On May 9, 2016, the Office of Judges affirmed the claims administrator's January 12, 2016, Order denying authorization for surgery, on the basis that Dr. Logan's request for lumbar surgery was directed toward Mr. Delbert's spinal stenosis, which is not a compensable diagnosis. The Office of Judges stated that the diagnoses in the claim include lumbar sprain, and displacement of lumbar intervertebral disc without myelopathy. The Office of Judges noted that the additional diagnosis of spinal stenosis was denied by Order dated March 30, 2016, and concluded that the surgical request is for a non-compensable component. The Office of Judges affirmed the January 12, 2016, Order denying the request for surgery. Mr. Delbert appealed the decision to the Workers' Compensation Board of Review.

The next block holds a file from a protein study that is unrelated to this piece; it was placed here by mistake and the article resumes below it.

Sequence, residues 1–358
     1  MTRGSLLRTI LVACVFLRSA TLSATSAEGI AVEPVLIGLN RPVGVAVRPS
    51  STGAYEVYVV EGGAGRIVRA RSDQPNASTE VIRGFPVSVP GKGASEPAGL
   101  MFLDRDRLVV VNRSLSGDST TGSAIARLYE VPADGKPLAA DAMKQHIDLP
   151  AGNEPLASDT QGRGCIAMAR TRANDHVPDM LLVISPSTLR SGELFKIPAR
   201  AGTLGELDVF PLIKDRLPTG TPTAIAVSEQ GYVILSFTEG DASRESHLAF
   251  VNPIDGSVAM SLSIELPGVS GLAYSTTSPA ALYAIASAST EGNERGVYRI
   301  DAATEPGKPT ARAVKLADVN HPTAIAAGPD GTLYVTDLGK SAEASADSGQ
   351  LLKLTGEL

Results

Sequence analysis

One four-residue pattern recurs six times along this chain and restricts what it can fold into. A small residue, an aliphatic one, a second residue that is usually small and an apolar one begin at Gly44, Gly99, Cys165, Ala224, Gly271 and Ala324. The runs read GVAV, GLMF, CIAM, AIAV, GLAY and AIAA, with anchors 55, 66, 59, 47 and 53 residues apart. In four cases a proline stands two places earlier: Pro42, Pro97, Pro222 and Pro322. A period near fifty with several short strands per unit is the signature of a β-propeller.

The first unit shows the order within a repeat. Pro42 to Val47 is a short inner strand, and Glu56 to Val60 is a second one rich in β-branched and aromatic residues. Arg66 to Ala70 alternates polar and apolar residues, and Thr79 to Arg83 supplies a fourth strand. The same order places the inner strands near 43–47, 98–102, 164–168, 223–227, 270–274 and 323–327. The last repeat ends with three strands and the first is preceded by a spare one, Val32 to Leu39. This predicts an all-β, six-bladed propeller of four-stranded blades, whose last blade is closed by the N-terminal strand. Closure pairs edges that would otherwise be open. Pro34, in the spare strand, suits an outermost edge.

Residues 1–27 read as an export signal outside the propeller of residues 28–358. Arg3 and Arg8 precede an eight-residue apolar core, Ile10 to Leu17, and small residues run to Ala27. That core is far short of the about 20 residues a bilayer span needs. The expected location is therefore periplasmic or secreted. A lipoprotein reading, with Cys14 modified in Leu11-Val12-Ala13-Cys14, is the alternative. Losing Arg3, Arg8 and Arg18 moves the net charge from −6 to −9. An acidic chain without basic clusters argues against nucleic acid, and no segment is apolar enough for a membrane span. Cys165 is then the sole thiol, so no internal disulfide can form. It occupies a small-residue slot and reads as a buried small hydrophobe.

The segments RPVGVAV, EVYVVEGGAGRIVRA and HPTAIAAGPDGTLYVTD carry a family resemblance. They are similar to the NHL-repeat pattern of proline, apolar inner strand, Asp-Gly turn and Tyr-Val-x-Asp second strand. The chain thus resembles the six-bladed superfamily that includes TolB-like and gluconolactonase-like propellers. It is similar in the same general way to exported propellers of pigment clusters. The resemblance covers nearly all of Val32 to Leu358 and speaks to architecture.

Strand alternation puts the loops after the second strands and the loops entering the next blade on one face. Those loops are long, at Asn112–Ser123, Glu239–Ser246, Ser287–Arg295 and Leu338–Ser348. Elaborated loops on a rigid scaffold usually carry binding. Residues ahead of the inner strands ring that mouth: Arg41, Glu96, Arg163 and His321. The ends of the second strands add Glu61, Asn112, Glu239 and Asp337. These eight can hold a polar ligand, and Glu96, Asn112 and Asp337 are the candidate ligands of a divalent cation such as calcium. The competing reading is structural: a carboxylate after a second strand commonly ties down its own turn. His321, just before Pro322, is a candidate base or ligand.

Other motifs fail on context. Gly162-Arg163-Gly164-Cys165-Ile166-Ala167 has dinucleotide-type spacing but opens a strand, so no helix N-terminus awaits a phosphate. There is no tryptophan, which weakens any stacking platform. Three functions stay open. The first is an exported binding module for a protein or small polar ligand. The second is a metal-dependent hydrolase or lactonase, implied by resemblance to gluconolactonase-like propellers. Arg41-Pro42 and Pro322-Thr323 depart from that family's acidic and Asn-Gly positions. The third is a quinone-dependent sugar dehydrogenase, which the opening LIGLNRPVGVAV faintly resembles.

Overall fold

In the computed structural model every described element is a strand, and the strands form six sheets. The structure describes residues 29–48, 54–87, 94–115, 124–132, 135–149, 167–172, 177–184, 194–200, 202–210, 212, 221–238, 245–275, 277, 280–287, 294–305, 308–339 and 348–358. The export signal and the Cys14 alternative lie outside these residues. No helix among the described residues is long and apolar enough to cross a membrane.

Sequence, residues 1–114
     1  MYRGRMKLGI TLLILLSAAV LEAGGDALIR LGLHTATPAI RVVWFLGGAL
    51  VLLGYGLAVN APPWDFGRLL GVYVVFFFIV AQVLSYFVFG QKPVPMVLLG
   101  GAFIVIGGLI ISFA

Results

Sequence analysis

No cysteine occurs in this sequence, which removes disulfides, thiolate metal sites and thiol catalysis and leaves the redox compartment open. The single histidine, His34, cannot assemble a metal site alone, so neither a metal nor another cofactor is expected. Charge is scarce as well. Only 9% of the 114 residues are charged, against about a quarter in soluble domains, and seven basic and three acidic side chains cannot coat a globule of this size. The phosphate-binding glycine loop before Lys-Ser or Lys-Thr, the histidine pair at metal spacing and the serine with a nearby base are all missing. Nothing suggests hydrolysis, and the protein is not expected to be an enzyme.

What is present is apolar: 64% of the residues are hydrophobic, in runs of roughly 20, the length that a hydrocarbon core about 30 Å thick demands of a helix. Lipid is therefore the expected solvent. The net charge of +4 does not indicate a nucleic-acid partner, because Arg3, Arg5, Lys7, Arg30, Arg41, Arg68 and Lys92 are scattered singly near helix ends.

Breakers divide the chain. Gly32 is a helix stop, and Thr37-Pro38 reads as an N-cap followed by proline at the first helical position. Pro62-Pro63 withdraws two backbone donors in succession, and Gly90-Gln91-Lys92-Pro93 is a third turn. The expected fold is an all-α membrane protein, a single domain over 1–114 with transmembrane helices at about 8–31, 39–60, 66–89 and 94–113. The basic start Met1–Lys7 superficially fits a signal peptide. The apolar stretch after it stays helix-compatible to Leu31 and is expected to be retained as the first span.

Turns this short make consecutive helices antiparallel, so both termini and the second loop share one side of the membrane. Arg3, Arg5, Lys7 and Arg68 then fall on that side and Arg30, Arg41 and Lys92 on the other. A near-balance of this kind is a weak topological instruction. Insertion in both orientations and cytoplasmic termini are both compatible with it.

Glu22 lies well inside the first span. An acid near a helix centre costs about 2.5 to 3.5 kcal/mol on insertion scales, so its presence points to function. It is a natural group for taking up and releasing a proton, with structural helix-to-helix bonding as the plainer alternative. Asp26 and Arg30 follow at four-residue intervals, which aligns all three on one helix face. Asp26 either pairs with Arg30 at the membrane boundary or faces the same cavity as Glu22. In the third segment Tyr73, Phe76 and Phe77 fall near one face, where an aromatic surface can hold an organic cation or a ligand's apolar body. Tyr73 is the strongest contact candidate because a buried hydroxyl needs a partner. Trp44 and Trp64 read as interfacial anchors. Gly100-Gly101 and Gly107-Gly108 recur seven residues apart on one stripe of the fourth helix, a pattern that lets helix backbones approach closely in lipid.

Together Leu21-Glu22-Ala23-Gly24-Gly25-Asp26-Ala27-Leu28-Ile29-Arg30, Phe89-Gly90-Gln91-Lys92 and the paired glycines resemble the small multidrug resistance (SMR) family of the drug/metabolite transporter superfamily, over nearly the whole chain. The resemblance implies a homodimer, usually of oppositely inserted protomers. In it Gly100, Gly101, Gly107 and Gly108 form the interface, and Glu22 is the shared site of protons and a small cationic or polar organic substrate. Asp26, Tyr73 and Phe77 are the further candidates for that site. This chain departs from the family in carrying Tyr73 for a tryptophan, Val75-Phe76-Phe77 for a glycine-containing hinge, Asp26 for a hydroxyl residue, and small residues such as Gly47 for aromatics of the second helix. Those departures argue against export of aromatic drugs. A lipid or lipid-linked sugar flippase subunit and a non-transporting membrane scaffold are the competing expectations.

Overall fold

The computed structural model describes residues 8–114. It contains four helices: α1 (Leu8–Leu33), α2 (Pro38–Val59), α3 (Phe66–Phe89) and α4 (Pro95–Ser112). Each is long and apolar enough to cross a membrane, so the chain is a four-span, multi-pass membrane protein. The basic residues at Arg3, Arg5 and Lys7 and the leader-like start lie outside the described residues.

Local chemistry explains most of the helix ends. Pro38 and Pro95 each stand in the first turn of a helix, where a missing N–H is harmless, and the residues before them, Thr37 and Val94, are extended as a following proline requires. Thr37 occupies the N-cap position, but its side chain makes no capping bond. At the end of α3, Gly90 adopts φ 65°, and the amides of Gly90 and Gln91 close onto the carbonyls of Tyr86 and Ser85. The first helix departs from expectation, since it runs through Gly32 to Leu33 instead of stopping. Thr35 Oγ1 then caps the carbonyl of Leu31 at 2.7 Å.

On September 9, 2016, the Office of Judges issued an Order affirming the claims administrator's March 17, 2016, and March 30, 2016, Orders denying the addition of spinal stenosis as a secondary condition in this claim. The Office of Judges found Dr. Fadel's report to be persuasive, and concluded that "it is more likely than not that the claimant's stenosis is not related to his work injury of October 3, 1996, but resulted from his non-compensable degenerative process." The Office of Judges concluded that ...